Lou Dobbs’ refusal to drop “birther” stories about challenges to President Obama’s constitutional eligibility to hold office was a major source of contention with CNN management, leading the unconventional anchor to walk away from the network and more than $9 million, according to the New York Post.
Dobbs, known for his strong stand against illegal immigration, surprised his loyal viewers Wednesday night by announcing his resignation and offering no indication of his next move.
The Post, citing anonymous sources, said the beginning of the end of a long-simmering dispute came in July, when CNN President Jonathan Klein told Dobbs’ staff in a memo to stop reporting on lawsuits that demand Obama produce evidence he’s a natural-born American citizen, as required by the Constitution.
“It seems this story is dead because anyone who still is not convinced doesn’t really have a legitimate beef,” Klein’s memo said.
A source told the Post Klein’s move incensed Dobbs.
“They have been talking pretty regularly since then,” the source said. “And it’s been pretty bad.”
The Post said CNN had long been asking Dobbs to “tone down his harsh rhetoric” on issues such as immigration.
Sources said CNN likely would not have renewed Dobbs’ contract in 2011, and the newsman’s agent told Klein that since both parties were unhappy, it would be best to release him now.
A television insider told the Post Dobbs was “polluting” the brand of the oldest cable news network, which is trying to position itself between the left-leaning MSNBC and conservative Fox News Channel.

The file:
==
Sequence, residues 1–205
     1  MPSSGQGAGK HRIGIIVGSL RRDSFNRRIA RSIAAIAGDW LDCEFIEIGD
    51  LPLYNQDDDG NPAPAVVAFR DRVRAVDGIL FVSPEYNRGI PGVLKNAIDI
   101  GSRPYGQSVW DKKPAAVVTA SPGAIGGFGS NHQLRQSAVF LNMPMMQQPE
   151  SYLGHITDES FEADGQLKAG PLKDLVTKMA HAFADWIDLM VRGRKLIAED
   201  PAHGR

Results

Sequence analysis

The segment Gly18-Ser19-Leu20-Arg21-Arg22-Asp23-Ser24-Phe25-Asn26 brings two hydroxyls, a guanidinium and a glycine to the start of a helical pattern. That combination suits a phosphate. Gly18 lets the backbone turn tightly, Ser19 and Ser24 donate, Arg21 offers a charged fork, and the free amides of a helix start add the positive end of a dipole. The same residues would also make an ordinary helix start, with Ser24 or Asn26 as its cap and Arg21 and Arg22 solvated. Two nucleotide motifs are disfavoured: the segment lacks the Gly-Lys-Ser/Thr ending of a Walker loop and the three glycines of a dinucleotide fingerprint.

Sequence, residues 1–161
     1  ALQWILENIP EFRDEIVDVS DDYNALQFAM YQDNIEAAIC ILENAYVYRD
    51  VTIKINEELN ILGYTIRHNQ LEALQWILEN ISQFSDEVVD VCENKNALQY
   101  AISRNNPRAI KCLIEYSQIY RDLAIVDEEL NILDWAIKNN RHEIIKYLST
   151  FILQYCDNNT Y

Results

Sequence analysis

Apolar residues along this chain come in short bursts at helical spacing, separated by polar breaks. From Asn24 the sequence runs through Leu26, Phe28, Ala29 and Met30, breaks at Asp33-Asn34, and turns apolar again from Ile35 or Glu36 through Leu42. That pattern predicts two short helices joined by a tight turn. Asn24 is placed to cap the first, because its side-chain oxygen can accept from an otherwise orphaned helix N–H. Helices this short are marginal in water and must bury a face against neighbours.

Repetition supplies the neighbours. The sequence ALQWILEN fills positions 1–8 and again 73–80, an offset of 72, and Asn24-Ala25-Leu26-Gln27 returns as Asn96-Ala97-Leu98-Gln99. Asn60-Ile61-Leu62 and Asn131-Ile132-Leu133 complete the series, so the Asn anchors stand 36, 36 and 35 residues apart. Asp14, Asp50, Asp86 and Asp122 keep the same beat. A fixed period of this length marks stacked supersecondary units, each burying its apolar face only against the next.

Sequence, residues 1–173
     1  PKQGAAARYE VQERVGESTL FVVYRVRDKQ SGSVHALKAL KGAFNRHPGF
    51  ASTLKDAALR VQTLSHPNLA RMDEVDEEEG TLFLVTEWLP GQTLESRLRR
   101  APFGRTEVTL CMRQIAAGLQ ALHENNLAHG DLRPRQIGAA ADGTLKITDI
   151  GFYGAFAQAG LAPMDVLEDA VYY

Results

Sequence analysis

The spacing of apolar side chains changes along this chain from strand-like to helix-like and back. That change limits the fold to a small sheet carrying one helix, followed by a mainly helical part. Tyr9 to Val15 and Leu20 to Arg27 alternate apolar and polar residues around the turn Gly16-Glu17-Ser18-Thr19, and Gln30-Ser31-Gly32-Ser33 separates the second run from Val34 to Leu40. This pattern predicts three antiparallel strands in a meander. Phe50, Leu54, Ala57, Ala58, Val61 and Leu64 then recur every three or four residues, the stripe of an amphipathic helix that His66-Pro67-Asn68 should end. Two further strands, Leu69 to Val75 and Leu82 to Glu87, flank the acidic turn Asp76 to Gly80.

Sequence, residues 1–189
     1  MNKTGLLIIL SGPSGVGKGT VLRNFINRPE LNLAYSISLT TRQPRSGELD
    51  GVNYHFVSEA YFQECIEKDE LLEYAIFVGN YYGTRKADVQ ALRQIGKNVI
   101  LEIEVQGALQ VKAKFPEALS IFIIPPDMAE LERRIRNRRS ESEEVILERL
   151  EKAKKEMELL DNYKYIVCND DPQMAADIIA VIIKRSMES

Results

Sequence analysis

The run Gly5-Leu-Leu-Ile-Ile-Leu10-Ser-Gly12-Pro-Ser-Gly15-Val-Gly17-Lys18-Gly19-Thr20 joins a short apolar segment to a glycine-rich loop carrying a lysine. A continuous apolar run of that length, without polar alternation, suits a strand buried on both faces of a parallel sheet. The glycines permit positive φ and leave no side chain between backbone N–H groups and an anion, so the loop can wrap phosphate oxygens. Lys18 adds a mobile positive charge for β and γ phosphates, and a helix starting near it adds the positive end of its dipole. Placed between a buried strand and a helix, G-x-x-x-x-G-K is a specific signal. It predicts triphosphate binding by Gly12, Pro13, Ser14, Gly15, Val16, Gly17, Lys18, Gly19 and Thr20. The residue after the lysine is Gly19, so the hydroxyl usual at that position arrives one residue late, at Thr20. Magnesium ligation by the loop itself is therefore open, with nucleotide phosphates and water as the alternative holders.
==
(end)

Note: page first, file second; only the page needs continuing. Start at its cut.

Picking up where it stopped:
A Fox News Channel spokeswoman told the Post her network wasn’t interested in hiring Dobbs.
Veteran Washington political correspondent John King will take over Dobbs’ 7 p.m. slot, CNN announced.
As WND reported, Dobbs told his radio audience Oct. 26 a gunshot was fired into his home after a series of threatening phone calls.
Dobbs said advocacy groups that support illegal aliens and have pressed for him to be fired “have created an atmosphere and have been unrelenting in their propaganda.”
Outspoken opponents of Dobbs include the Southern Poverty Law Center, the Anti-Defamation League, the National Council of La Raza, Internet media watchdog Media Matters and Geraldo Rivera of Fox News.
In his daily column today, WND CEO and Editor Joseph Farah calls Dobbs a “real newsman” whose departure from CNN after 30 years “leaves the network in a state of programming irrelevancy.”
“What makes Lou Dobbs so special,” Farah writes, “is his independence and fearlessness. Dobbs clearly set his own agenda. He had no interest in the ‘conventional wisdom’ of his industry. Dobbs thinks like a real American newsman – a throwback to an age when journalists actually believed they were watchdogs of government and asked tough questions in the interests of the people.”